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VETERANS DAY 1995 TRIBUTE
Robert Hart, a former paratrooper who jumped as part of the 82nd Airborned [sic] Division on the eve of D-Day, holds patches which, he says, were the only markings allowed [to be] worn on his uniform during missions.

[published in News Messenger, Lincoln, CA, 9 November 1995]

Former Paratrooper Recall

Editor's note: As  tribute to local vets in recognition of Saturday's Veterans Day, News Messenger reporter Jenny Carrick talked with several and asked the to tell their stories of when they were in uniform.  The following represent some of the events these local veterans say best captures their feelings.

Robert Hart
Army
82nd Airborne
Sergeant
World War II

   While World War Ii and all of his memories are 50 years old, Robert Hart van recall most everything he saw and did wile a paratrooper with the 82nd Airborne.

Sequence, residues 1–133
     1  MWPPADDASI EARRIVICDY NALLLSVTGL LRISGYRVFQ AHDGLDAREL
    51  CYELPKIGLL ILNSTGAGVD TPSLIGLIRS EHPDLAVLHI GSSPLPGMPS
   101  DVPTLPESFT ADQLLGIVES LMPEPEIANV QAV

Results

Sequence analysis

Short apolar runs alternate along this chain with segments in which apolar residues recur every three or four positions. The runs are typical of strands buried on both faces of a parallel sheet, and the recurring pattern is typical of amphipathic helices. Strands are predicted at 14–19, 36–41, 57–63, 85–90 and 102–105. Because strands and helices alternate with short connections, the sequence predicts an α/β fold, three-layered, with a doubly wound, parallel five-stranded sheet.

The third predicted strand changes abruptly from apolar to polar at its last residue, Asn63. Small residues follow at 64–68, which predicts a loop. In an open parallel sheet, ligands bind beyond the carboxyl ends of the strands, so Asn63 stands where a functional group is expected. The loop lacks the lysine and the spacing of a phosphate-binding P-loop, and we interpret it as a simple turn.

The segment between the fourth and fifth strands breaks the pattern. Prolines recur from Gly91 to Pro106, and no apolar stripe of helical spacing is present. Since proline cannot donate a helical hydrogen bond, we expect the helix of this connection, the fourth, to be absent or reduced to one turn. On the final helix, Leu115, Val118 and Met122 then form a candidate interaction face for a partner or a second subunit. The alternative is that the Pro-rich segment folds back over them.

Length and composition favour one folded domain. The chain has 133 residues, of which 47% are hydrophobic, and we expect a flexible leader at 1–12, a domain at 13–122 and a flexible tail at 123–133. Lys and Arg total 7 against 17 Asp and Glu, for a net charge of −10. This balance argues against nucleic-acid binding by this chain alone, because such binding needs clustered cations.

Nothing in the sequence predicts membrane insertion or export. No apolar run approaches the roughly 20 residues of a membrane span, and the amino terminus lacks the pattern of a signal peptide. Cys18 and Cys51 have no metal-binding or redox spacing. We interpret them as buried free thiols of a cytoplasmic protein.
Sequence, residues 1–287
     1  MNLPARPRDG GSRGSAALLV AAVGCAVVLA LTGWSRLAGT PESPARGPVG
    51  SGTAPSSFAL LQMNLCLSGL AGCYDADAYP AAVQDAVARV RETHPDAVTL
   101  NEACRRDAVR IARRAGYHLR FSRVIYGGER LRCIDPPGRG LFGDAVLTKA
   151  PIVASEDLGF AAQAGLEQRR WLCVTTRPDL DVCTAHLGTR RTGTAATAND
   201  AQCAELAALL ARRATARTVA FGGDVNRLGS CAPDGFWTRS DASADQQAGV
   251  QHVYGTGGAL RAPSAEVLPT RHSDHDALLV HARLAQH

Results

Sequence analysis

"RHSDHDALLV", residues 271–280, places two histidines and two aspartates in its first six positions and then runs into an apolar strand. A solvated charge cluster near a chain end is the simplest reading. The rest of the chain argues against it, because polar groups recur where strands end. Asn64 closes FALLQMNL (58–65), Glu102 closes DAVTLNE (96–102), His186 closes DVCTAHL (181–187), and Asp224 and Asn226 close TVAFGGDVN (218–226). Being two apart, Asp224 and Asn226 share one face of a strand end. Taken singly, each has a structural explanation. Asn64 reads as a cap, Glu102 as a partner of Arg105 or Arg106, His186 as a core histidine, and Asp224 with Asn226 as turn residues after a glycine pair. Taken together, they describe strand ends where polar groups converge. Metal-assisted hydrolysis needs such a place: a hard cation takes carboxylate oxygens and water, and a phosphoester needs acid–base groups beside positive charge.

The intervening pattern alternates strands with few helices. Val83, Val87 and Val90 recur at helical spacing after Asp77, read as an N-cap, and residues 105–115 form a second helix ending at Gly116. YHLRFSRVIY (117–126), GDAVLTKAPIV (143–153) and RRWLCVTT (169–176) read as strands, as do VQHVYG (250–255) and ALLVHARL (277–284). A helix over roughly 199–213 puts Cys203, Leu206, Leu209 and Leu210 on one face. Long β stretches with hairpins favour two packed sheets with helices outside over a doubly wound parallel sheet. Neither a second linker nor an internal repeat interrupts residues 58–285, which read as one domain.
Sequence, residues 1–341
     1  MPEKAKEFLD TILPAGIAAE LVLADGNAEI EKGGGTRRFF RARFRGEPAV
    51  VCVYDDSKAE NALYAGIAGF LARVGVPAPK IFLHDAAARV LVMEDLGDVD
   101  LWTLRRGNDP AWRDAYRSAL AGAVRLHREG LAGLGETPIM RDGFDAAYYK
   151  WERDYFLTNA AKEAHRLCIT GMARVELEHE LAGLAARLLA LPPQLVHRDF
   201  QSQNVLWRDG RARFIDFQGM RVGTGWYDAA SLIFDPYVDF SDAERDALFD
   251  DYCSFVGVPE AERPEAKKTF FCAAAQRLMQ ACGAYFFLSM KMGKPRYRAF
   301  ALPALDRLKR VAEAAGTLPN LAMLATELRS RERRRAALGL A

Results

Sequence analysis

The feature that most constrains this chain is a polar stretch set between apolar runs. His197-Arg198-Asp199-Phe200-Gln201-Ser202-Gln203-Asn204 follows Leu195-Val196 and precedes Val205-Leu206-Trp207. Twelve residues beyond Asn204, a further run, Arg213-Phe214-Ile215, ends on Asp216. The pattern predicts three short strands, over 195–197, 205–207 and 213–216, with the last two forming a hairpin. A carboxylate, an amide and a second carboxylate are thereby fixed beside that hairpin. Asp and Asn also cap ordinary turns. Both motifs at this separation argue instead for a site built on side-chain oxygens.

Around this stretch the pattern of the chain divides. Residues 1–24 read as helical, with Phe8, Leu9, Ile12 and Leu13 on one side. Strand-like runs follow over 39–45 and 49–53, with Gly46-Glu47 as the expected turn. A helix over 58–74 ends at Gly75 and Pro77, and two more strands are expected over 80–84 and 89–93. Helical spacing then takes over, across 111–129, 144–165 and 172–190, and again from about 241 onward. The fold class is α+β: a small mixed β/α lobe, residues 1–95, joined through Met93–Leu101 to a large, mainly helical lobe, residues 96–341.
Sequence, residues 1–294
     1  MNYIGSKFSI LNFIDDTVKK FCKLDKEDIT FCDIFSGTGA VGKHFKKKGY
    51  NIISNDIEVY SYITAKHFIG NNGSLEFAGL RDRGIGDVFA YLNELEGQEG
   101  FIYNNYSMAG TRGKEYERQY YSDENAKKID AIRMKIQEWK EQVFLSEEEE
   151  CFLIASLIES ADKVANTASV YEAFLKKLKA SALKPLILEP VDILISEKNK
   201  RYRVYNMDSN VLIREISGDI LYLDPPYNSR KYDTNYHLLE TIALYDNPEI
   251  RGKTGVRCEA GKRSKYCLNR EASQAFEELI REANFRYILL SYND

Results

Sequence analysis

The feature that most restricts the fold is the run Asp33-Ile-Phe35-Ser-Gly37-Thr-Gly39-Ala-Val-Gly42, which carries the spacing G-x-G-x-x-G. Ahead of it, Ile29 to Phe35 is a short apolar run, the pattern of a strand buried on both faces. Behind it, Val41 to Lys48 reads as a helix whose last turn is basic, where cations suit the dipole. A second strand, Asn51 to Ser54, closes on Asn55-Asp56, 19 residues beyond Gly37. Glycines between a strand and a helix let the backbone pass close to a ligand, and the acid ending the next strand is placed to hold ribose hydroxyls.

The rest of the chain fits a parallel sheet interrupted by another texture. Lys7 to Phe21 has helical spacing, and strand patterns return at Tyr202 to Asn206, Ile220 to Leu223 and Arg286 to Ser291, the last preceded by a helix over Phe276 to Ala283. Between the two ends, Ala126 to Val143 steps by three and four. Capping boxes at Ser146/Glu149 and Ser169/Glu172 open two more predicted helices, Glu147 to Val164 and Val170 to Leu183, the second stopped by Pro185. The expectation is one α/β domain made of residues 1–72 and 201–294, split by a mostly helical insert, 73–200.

Hart's career began as an instructor for boot camp in Missouri.  But his desire to join the troops overseas landed him in Europe just before D-Day in 1944.
   "I'll never forget that day," said Hart, now 75, "I had just had this incredible feeling of being somewhere I didn't belong."
   In order to understand the life of a paratrooper, Hart said a full description of their uniform and gear

was necessary.
   The men wore little insignia with the exception of an Allied Airborne patch on the sleeve of a drab paratrooper jump suit.
   Their parachute packs were harnessed to their chests.  Each pack contained two parachutes, a 28-foot chute and a 22-foot secondary chute as a back up.
   In addition, the troopers carried grenades, machine guns,  rifles, knives and ammunition.
   "The amount of weight we carried was enormous," Hart said. "When we got on those planes it felt like a ton."
   One reason why paratroopers during World War II were forced to carry so much weaponry was that once they dropped behind enemy lines, they were left essentially on their own. Most units were unable to call for assistance or much backup,
   As the planes swarmed above the coast of France to drop the troops into Normandy, Hart said the dark interiors of the planes were lit up with tracers, flaming bullets, from enemy fire."
   Suddenly things seemed to go wrong and Hart knew he plane had passed the target.
  With an engine on fire and the plane swooping